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Analysis: Can Kenya Sustain The Growing Heavy Public Debt



Public debt has been an issue of public discourse for centuries. The debate is not about to end anytime soon. With developing countries investing much more resources in public infrastructure, education and other social amenities, public debt is expected to become even a bigger point of discussion moving forward. Just before the March 4, 2013, General elections, Kenya for the first time, held a presidential debate. Uganda followed suit earlier on this year. From those debates, it is evident we are yet to start discussing ideas in our presidential debates. My guess, however, is that going forward, these discussions are going to tackle key issues affecting these emerging market economies, key among them the issue of Public debt.

To start us off, let us try to understand some key terms. Debt refers to a contractual obligation in which a party uses the counterparty’s money or any other valuable resource with the view of repaying it at a later date, with interest. People have been borrowing since time immemorial, and they are not about to stop anytime soon. As long as resources for satisfying human needs and wants are limited, we shall always consume something we do not currently own with intent to repay at a later date. Just like individuals, body corporate and governments too, borrow. Public debt is what a government owes to its lenders. Government/ Sovereign debt can be used synonymously with public debt. Public debt can either be domestic or foreign. The former involves borrowing from within a country’s borders and among its citizens while the latter involves borrowing from outside the country’s borders. It could be a loan from foreign nationals, foreign governments or even international financial institutions. Ordinarily, domestic debt is denominated in the local currency while foreign debt is likely to be denominated in a foreign currency. External debt, on the other hand, is the amount of money owed to foreign investors by both the government as well as the private sector.

Since the year 2013, Kenya’s public debt has been on an upward spiral. According to Keynesian Economics, there are two possible scenarios that would put a country’s debt on an upward trajectory; War and recession. Since war is unanticipated, it is usually not planned for adequately in the budget, and therefore in the event of war breaking out, the country is likely to start borrowing to fund the cost of the war. In a recession, the economy has slumped. Jobs are scarce, and demand for products within the economy dwindles. This reduces tax revenue that the government had anticipated and corporate profits plunge, leading to lower corporate taxes being availed to the government. In such a case, the government will operate on a budget deficit, which is, in fact, public debt. For the last four years, Kenya has neither had a war nor a recession. In fact, the Kenyan economy has grown enormously over the period, as H.E the president has persistently said.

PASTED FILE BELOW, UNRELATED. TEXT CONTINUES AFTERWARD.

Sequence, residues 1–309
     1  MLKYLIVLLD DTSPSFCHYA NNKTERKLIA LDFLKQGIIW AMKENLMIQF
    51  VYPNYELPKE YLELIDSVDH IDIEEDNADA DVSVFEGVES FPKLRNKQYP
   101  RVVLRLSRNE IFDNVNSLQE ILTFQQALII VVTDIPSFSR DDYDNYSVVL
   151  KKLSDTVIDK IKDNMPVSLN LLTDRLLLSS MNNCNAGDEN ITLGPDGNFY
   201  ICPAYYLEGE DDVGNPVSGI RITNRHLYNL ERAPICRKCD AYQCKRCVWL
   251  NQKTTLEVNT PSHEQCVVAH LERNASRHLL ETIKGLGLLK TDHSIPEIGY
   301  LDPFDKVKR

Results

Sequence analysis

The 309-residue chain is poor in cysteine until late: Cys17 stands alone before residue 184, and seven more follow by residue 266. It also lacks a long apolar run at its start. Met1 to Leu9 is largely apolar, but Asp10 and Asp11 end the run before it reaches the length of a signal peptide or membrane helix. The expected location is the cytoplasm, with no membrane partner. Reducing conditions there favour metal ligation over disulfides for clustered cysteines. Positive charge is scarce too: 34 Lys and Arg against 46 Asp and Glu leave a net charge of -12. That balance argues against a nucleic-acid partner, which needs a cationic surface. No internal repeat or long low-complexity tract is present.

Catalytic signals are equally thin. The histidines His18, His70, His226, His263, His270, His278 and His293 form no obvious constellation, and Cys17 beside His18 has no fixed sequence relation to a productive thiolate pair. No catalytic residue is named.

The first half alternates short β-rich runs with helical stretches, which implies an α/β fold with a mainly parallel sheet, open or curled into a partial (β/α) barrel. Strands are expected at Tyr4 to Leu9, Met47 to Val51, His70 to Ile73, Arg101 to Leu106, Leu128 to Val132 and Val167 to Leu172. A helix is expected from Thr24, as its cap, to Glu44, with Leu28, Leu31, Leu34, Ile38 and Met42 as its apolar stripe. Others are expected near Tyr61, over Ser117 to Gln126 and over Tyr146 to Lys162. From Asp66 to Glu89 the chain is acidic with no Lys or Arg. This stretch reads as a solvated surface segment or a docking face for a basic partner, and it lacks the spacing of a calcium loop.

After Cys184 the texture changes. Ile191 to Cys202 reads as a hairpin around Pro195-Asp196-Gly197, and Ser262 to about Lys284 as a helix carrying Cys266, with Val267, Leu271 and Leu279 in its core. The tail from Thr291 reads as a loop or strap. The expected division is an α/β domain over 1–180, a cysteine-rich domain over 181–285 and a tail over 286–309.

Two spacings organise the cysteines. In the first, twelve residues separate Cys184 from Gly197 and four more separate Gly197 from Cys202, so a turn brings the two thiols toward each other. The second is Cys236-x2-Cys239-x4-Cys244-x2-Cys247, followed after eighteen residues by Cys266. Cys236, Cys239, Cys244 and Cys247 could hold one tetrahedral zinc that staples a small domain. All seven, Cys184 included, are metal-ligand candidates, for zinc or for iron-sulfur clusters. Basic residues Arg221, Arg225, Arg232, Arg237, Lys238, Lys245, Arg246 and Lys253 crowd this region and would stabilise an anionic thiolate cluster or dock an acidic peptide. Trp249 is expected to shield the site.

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Key Facts and Figures

As at 2013, Kenya’s debt ceiling was Ksh. 800 billion. That same year, Parliament in its wisdom or lack thereof raised this ceiling by 500 basis points. We ended the year with a debt ceiling of Ksh. 1.2 Trillion. By the end of 2014, Parliament had more than doubled our debt ceiling. It now stood at Ksh. 2.5 Trillion.This figure was higher than our budget for the financial year 2014/2015 which stood at Ksh. 1.7 trillion. Kenya Debt to GDP ratio has grown from below 30% in 2012 to currently stand at 49.7%, 4.97 points above the treasury’s benchmark.

Is Debt Bad?

In life, nothing is bad. Similarly, nothing is good in absolute terms. What matters is a person’s perspective. In the corporate world, most capital projects are undertaken through use of debts. Most individuals develop themselves by using debt. The government too can make enormous economic progress through the use of debt. In the corporate world, you will rarely find a company that operates on 100% equity. In fact, theoretically, the most valuable firm would be the one that is 100% leveraged. This is because, interest expense as a cost of capital, is a member of an exclusive club called “allowable tax deductions” To illustrate, let’s assume we have Firms A and B. A’s capital structure is 100% Equity while B’s capital structure is 100% debt. If these two companies make the same earnings before interest and tax, firm B will end up paying the lesser tax. Equity, as a cost of capital, is expensive. In practice, however, strong B does not exist. And if it did, it would have a very high risk compared to A. What companies therefore do, is to find a balanced mix between equity and debt. They get a debt that will enable them to enjoy tax benefits while not unnecessarily raising their risk profile. Finding the right balance is what governments should look at while borrowing.